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Bush Didn't Start the Mideast Fire

Author: Max Boot, Jeane J. Kirkpatrick Senior Fellow for National Security Studies
July 26, 2006
Los Angeles Times

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Remember how idyllic the Middle East was before that crazy cowboy moved into the White House? Oh for the good ol’ days when Saddam Hussein would invite Kurdish and Shiite leaders to his palace for a lamb roast followed by a nice game of checkers. When the Iranian mullahs would host Fourth of July festivities in Tehran in honor of the Great Angel. And when Hamas and Hezbollah big shots would balance yarmulkes on their turbans and visit Yad Vashem, Israel’s memorial to victims of the Holocaust.

Wait. You mean my memory is playing tricks on me? None of that actually happened? Well, then, why on earth are so many pundits blaming President Bush for the current mess in the Middle East? A typical example comes from fellow Los Angeles Times columnist Rosa Brooks, who writes: “The Bush administration’s tunnel-vision approach to foreign policy has pushed the U.S. and the world into a devastating tailspin of conflict without end....We promised to make the world safer, but we’ve turned it into a tinderbox.”

We’ve turned the world into a tinderbox? Wasn’t it a tinderbox long before 2001? And why is the United States, much less Bush, responsible for every conflagration?

Iran was developing nuclear weapons and sponsoring terrorism long before Bush came into office. Critics attack him for not being diplomatic enough with Tehran, but in fact he has been supportive of the efforts of France, Germany and Britain to strike a deal. More recently, his secretary of State has offered to talk to Tehran directly. So keen is the Iranian government for such talks that it hasn’t deigned to reply to the U.S. offer.

Bush hasn’t exactly been a warmonger when it comes to Iran’s ally, Syria, either. Even as Syrian dictator Bashar Assad was turning his country into a staging ground for the Iraqi insurgency, the Bush administration repeatedly sent envoys to Damascus in an attempt to negotiate. Far from being interested in a deal, Assad was only emboldened into thinking that he would suffer no consequences for his hostile acts.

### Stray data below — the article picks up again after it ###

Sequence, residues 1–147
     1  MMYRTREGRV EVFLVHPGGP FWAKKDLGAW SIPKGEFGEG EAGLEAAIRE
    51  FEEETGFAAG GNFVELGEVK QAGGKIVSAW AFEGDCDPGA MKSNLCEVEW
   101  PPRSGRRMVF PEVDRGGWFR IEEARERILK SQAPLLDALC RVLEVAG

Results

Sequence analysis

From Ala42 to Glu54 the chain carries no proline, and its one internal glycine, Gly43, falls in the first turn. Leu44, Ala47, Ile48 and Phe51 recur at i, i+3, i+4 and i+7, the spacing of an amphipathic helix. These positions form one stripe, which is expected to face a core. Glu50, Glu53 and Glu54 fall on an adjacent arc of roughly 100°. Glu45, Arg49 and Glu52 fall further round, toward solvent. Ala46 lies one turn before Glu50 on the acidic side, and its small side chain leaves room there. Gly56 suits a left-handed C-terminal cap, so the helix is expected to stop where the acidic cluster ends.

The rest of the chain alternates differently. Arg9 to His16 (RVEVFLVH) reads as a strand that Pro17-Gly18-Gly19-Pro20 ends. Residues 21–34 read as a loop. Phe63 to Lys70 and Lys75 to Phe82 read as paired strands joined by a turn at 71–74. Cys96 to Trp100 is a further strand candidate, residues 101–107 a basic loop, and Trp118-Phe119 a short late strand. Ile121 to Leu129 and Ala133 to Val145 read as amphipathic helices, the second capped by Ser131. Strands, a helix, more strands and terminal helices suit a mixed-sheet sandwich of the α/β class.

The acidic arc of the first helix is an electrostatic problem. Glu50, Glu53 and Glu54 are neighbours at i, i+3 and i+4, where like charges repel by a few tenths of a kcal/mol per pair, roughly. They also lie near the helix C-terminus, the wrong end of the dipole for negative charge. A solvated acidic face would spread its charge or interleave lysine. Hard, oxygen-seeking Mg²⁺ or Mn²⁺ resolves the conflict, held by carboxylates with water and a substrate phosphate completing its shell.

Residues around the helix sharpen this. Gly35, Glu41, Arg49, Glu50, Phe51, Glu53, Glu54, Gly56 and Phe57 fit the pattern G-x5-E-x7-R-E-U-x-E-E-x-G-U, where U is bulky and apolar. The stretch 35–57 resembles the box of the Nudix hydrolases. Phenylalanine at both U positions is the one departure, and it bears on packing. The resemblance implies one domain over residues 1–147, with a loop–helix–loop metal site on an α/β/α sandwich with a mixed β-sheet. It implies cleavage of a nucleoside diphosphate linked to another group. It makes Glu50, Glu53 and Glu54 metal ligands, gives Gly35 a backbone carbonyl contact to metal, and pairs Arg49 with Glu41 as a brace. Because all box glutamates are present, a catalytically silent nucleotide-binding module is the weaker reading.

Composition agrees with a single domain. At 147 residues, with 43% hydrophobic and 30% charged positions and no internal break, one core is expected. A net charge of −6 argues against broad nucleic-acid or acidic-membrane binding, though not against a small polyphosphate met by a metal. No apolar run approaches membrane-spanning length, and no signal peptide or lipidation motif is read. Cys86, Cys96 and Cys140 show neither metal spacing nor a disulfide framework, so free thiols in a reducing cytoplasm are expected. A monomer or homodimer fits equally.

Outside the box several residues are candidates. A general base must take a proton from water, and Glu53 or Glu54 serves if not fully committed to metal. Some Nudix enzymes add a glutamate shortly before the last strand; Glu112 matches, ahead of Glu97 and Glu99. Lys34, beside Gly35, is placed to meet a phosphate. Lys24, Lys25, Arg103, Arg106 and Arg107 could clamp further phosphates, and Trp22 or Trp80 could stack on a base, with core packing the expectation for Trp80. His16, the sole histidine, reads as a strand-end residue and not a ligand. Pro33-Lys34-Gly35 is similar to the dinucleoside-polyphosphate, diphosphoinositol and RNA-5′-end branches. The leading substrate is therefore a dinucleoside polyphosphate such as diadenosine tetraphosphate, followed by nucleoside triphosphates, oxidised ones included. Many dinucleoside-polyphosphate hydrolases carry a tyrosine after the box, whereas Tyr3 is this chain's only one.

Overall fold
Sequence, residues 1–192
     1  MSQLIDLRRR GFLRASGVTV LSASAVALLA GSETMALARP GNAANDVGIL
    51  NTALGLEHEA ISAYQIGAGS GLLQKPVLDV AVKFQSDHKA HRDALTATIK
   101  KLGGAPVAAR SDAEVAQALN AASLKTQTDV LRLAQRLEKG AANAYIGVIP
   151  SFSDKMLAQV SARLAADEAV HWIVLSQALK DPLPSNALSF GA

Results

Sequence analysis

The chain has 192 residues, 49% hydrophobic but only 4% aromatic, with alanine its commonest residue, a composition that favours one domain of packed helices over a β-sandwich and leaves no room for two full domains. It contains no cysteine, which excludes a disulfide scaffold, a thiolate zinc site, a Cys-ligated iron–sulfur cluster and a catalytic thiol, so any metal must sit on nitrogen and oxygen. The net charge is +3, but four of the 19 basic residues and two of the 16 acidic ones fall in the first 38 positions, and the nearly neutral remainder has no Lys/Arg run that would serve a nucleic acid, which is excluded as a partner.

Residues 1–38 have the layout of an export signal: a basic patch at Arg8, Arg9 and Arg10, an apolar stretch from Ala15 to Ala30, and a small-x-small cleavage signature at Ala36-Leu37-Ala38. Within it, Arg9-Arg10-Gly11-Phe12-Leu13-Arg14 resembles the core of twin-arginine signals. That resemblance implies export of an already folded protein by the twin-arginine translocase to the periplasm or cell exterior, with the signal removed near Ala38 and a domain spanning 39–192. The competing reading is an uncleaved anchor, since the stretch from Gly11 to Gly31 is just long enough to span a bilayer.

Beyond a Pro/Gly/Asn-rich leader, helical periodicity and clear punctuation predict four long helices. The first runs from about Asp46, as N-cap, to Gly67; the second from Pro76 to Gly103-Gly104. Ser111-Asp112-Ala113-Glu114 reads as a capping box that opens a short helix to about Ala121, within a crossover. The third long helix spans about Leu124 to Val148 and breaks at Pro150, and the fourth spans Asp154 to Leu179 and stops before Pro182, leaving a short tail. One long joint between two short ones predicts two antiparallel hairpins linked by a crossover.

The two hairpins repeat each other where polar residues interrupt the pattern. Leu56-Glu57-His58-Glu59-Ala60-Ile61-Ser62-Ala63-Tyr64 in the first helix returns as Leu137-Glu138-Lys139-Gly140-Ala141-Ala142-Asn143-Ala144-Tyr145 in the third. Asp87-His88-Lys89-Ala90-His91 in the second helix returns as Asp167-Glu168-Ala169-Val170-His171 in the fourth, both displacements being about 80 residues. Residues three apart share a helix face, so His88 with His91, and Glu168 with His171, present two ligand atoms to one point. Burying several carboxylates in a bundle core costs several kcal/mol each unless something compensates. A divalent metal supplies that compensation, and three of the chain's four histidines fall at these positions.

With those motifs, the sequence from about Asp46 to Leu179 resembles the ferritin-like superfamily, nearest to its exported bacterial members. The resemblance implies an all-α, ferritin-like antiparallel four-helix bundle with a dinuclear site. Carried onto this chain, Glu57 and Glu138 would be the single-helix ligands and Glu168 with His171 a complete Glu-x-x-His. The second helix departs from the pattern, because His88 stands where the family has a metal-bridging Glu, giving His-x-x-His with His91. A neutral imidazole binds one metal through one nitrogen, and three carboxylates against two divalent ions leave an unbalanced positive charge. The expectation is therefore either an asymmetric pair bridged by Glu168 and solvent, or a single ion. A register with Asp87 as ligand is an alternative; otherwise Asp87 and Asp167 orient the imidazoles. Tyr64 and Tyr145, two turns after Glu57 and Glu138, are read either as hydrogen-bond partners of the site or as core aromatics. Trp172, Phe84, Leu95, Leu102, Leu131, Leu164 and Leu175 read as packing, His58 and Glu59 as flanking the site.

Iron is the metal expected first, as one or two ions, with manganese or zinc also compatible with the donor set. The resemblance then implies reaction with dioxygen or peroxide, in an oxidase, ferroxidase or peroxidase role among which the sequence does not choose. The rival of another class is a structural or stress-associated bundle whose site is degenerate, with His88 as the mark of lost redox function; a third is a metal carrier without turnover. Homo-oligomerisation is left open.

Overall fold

Both Iran and Syria have continued backing Hamas and Hezbollah, but this is hardly a new problem; it dates to the Reagan presidency. Critics suggest that these terrorist groups have gotten more powerful because of Bush’s push for democracy. Hamas, after all, now runs the Palestinian Authority, and Hezbollah is part of a coalition government in Lebanon. But their power doesn’t derive from their political positions; it comes from their militias, which remain outside the democratic process. Hamas was attacking Israel even when it was in opposition. So, for that matter, was the party it replaced—Yasser Arafat’s Fatah.

Arafat, you may recall, launched a terrorist onslaught against Israel in 2000, when President Clinton was still in office. Ariel Sharon, with Bush’s backing, managed to defeat the suicide bombers through a combination of measures defensive (the West Bank barrier) and offensive (targeted killings of terrorist bigwigs). This paved the way for an Israeli pullout from Gaza, exactly what "peace processors" had wanted all along.

This hasn’t exactly won the goodwill of Palestinian militants, but, if you’re a typical liberal critic, you can hardly blame Bush for encouraging Israeli concessions.

But surely, you say, Bush has made things worse in Iraq. Admittedly, the situation there is grim. But is it more grim than when Hussein was invading his neighbors and slaughtering hundreds of thousands of his own people? Or when the U.S. was enforcing sanctions that killed an estimated 60,000 babies a year? Many now claim that Hussein was a bulwark against Iranian adventurism, but Iranian-backed terrorists were at least as active in the 1980s (when they grabbed dozens of Western hostages in Lebanon and blew up the U.S. Embassy and Marine barracks in Beirut) as they are today.

Critics are right that Bush hasn’t transformed the Middle East into a bastion of peace, love and harmony. But he never promised to work miracles; he has consistently spoken of our current struggle as a generational challenge—the Long War. Sure, he could have done more to help win the war. But there is no reason to think that the critics’ preferred approach—more diplomatic blather, more international confabs, more concessions to the terror-mongers—would have produced any better results. In any case, to suggest that his policies are the cause of today’s woes, rather than a reaction to them, reveals a stunning historical amnesia.

This article appears in full on CFR.org by permission of its original publisher. It was originally available here.

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